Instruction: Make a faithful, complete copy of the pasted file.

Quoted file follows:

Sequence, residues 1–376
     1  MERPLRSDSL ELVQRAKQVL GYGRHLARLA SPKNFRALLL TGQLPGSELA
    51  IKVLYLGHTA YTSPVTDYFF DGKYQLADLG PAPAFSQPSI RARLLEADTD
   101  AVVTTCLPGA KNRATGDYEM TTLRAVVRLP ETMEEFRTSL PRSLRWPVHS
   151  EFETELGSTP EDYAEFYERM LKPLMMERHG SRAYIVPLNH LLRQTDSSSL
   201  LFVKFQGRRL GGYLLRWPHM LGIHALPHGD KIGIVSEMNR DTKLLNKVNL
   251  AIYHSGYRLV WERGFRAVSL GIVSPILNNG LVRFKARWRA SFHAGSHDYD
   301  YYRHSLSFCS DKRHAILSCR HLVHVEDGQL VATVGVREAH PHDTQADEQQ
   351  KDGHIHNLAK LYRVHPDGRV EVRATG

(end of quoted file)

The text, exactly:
Sequence, residues 1–376
     1  MERPLRSDSL ELVQRAKQVL GYGRHLARLA SPKNFRALLL TGQLPGSELA
    51  IKVLYLGHTA YTSPVTDYFF DGKYQLADLG PAPAFSQPSI RARLLEADTD
   101  AVVTTCLPGA KNRATGDYEM TTLRAVVRLP ETMEEFRTSL PRSLRWPVHS
   151  EFETELGSTP EDYAEFYERM LKPLMMERHG SRAYIVPLNH LLRQTDSSSL
   201  LFVKFQGRRL GGYLLRWPHM LGIHALPHGD KIGIVSEMNR DTKLLNKVNL
   251  AIYHSGYRLV WERGFRAVSL GIVSPILNNG LVRFKARWRA SFHAGSHDYD
   301  YYRHSLSFCS DKRHAILSCR HLVHVEDGQL VATVGVREAH PHDTQADEQQ
   351  KDGHIHNLAK LYRVHPDGRV EVRATG